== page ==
Form layouts generally differ across web sites, hence this application doesn’t dictate a specific form layout. Instead, this application uses django-crispy-forms which allows configuration of the form appearance.

The defaults are set to Bootstrap 3 layouts, but can be changed.

Switching form layouts

By choosing a different form class, the form layout can be redefined at once:

The default is:

FLUENT_COMMENTS_FORM_CLASS = 'fluent_comments.forms.FluentCommentForm'

FLUENT_COMMENTS_FORM_CSS_CLASS = 'comments-form form-horizontal'
FLUENT_COMMENTS_LABEL_CSS_CLASS = 'col-sm-2'
FLUENT_COMMENTS_FIELD_CSS_CLASS = 'col-sm-10'

You can replace the labels with placeholders using:

FLUENT_COMMENTS_FORM_CLASS = 'fluent_comments.forms.CompactLabelsCommentForm'

Or place some fields at a single row:

FLUENT_COMMENTS_FORM_CLASS = 'fluent_comments.forms.CompactCommentForm'

# Optional settings for the compact style:
FLUENT_COMMENTS_COMPACT_FIELDS = ('name', 'email', 'url')
FLUENT_COMMENTS_COMPACT_GRID_SIZE = 12
FLUENT_COMMENTS_COMPACT_COLUMN_CSS_CLASS = "col-sm-{size}"

Changing the field order

The default is:

FLUENT_COMMENTS_FIELD_ORDER = ('name', 'email', 'url', 'comment')

For a more modern look, consider placing the comment first:

FLUENT_COMMENTS_FIELD_ORDER = ('comment', 'name', 'email', 'url')

Hiding form fields

Form fields can be hidden using the following settings:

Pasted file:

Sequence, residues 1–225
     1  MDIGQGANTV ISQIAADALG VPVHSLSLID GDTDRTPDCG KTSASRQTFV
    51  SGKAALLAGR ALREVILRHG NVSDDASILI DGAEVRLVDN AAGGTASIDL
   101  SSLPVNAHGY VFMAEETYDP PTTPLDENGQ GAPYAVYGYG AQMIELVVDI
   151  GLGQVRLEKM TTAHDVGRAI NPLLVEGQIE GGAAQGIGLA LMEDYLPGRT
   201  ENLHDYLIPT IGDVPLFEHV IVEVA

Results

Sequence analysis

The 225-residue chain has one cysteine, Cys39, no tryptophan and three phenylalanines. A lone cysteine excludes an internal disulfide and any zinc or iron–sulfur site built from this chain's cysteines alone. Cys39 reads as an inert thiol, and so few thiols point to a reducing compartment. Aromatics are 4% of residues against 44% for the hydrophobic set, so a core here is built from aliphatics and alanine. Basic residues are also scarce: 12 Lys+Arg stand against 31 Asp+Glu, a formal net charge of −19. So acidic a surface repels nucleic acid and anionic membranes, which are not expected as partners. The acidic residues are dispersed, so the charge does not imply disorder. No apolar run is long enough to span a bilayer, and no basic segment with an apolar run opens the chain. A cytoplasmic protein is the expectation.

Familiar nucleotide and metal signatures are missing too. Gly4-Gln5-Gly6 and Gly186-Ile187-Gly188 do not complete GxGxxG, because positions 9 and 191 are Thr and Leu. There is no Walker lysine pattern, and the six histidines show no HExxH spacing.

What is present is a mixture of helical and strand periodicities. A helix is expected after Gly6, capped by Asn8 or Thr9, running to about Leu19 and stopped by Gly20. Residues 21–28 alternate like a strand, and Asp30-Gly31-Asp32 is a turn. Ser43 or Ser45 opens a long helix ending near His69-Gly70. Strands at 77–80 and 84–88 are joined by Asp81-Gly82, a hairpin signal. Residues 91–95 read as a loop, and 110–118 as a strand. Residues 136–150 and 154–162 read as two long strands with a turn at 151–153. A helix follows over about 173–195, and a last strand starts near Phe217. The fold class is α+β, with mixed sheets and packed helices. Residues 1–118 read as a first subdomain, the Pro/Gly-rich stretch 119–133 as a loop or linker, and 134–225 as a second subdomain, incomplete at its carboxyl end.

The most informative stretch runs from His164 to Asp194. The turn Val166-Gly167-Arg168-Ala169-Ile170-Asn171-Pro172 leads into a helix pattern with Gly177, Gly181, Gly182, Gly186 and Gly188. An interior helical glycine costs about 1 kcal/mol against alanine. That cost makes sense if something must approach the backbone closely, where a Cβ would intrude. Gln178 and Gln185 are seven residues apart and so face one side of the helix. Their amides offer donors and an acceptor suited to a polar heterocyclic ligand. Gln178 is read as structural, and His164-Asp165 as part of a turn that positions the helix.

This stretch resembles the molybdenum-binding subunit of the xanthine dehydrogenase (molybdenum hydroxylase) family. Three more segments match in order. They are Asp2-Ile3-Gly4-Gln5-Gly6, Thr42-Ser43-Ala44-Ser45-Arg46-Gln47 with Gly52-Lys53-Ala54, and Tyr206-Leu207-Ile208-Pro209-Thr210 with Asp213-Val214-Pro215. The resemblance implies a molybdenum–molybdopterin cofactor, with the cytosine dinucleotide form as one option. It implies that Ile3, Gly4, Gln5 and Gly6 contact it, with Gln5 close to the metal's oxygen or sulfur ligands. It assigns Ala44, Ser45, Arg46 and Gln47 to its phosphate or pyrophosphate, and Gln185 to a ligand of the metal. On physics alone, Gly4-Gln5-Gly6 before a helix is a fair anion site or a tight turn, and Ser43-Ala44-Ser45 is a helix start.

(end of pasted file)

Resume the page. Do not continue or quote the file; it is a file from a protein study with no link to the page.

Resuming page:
FLUENT_COMMENTS_EXCLUDE_FIELDS = ('name', 'email', 'url')

When django-threadedcomments in used, the title field can also be removed.

Using a custom form class

When the settings above don’t provide the layout you need, you can define a custom form class entirely:

from fluent_comments.forms import CompactLabelsCommentForm


class CommentForm(CompactLabelsCommentForm):
    """
    The comment form to use
    """

    def __init__(self, *args, **kwargs):
        super(CommentForm, self).__init__(*args, **kwargs)
        self.fields['url'].label = "Website"  # Changed the label

And use that class in the FLUENT_COMMENTS_FORM_CLASS setting. The helper attribute defines how the layout is constructed by django-crispy-forms, and should be redefined the change the field ordering or appearance.

Switching form templates

By default, the forms can be rendered with 2 well known CSS frameworks:

  • Bootstrap The default template pack. The popular simple and flexible HTML, CSS, and Javascript for user interfaces from Twitter.
  • Uni-form Nice looking, well structured, highly customizable, accessible and usable forms.

The CRISPY_TEMPLATE_PACK setting can be used to switch between both layouts. For more information, see the django-crispy-forms documentation.

Both CSS frameworks have a wide range of themes available, which should give a good head-start to have a good form layout. In fact, we would encourage to adopt django-crispy-forms for all your applications to have a consistent layout across all your Django forms.

If your form CSS framework is not supported, you can create a template pack for it and submit a pull request to the django-crispy-forms authors for inclusion.